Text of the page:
March 8, 2013
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Leaders from Agua Caliente, a community of Maya Q’eqchi’ Indians from Guatemala, are in Washington, D.C., to raise international awareness about a harmful nickel mine planned in their indigenous territories. Community leader Rodrigo Tot has been on the front lines of a legal effort to stop the mine. Because of his efforts, his life and the lives of his legal team are under a serious threat. In October 2012, Tot’s son was murdered. His death is believed to be retribution for the family’s public opposition to the mine.
|WHAT:||Delegates from the Agua Caliente community will be meeting with the Inter-American Commission on Human Rights, US Government officials and non-governmental organizations throughout the week.|
|WHO:||Rodrigo Tot, President of Agua Caliente; Carlos Pop, Local Counsel; Manuel Xo Cu and Romel Reyes from Defensoría Q’eqchi’; Armstrong Wiggins and Leonardo Crippa from the Indian Law Resource Center|
|WHEN:||March 11-15, 2013, journalists are invited to meet with the delegation and/or attend one of the various events planned throughout the week.|
|WHERE:||Contact Lorena Vaca for the delegation schedule and to arrange interviews.|
|WHY:||The mining company, Compania Guatelmateca de Niquel, a subsidiary of the Solway Investment Group, is using threats and violence against Agua Caliente and surrounding communities. Guatemala granted permission for the mine without consulting with the communities most affected. The Indian Law Resource Center, after exhausting domestic remedies, has filed a petition with the Inter-American Commission on Human Rights concerning the violation of the community’s rights to property, self-government, due process of law, and judicial protection by the government of Guatemala.|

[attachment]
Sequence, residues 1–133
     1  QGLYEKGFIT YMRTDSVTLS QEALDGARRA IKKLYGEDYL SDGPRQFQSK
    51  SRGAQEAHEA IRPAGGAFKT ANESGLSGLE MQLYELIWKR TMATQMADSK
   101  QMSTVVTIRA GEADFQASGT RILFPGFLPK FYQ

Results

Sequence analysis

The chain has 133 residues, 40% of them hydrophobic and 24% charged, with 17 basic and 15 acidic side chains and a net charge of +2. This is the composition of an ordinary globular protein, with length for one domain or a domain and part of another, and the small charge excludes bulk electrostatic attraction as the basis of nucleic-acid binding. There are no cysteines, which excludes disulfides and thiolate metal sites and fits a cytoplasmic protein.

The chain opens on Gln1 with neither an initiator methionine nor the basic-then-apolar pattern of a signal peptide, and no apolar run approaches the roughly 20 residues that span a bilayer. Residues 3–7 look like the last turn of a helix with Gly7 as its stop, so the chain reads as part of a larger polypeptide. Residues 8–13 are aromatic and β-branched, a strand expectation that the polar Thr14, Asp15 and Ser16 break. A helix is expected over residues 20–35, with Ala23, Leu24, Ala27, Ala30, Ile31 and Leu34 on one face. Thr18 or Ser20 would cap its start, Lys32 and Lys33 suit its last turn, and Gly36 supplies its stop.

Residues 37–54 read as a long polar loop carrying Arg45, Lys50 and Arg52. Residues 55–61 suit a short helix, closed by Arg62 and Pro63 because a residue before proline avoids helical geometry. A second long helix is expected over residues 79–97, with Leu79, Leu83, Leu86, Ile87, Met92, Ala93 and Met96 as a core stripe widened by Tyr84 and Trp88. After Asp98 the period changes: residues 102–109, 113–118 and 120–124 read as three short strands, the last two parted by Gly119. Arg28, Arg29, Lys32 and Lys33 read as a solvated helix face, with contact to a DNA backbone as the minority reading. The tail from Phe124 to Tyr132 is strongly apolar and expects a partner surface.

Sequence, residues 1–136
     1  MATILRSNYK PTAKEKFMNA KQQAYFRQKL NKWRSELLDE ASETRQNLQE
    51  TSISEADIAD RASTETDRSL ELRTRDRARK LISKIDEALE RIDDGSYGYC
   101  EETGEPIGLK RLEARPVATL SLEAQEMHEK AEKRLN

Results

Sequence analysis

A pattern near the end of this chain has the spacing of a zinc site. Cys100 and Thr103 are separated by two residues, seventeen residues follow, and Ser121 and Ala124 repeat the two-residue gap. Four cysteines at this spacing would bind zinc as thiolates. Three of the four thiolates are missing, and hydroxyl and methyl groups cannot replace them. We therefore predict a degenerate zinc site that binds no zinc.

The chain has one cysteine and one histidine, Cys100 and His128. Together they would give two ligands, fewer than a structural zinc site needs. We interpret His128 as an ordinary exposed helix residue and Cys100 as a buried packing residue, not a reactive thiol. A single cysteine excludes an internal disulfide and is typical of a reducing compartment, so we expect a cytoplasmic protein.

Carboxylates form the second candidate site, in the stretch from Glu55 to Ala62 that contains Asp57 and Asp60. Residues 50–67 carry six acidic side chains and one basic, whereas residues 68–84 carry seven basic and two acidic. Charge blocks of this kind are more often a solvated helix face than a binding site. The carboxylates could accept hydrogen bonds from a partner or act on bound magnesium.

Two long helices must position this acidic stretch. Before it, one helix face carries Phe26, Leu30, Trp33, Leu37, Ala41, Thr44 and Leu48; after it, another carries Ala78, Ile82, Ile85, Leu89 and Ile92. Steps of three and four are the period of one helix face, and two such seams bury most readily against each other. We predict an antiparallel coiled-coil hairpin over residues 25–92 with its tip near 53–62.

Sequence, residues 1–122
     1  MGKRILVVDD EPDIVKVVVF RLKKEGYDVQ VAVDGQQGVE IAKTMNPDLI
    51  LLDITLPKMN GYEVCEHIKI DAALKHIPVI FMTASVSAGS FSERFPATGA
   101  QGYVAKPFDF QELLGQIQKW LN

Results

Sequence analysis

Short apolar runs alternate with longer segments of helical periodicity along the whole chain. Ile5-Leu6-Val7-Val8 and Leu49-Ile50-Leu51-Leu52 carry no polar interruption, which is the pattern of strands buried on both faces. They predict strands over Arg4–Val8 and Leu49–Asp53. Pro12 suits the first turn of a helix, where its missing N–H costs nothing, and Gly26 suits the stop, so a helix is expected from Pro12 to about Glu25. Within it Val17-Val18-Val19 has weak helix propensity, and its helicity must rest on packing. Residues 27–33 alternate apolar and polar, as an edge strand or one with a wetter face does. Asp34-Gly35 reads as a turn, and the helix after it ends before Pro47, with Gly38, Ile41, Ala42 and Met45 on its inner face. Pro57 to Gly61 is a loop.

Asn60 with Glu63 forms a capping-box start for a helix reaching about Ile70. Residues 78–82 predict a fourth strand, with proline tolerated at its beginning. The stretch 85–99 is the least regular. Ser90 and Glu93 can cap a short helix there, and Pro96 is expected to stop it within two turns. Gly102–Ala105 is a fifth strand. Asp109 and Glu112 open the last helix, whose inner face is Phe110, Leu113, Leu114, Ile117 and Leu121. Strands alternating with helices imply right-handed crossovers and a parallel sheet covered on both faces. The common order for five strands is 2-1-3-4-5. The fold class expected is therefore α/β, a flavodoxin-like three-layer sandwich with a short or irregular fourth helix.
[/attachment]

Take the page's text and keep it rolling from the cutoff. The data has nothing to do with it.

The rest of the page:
About the Maya Q’eqchi’ delegation
The delegation of Maya Q’eqchi’ community leaders and advocates have brought their fight to Washington, D.C., to inform the Inter-American Commission on Human Rights, U.S. government officials, human rights organizations, and others about their daily struggle to protect their human rights against mining interests. They hope to build alliances with key actors that can apply pressure to the Guatemalan government to respect their rights and promote policies that protect the environment and prevent harm to indigenous peoples. The delegation also wants to inform and help others working in Guatemala understand the fundamental legal principles of the 2011 Constitutional Court decision and how they can use it in their work. In order to effect change in Guatemala and adequately support indigenous peoples’ efforts to protect their rights to land, right of self- determination, and self-government rights, we must pursue collective action.
About the Indian Law Resource Center
The Indian Law Resource Center is a non-pro?t law and advocacy organization established and directed by American Indians. The Center is based in Helena, Montana and also has an office in Washington, DC. We provide legal assistance to Indian and Alaska Native nations who are working to protect their lands, resources, human rights, environment and cultural heritage. Our principal goal is the preservation and well-being of Indian and other Native nations and tribes.
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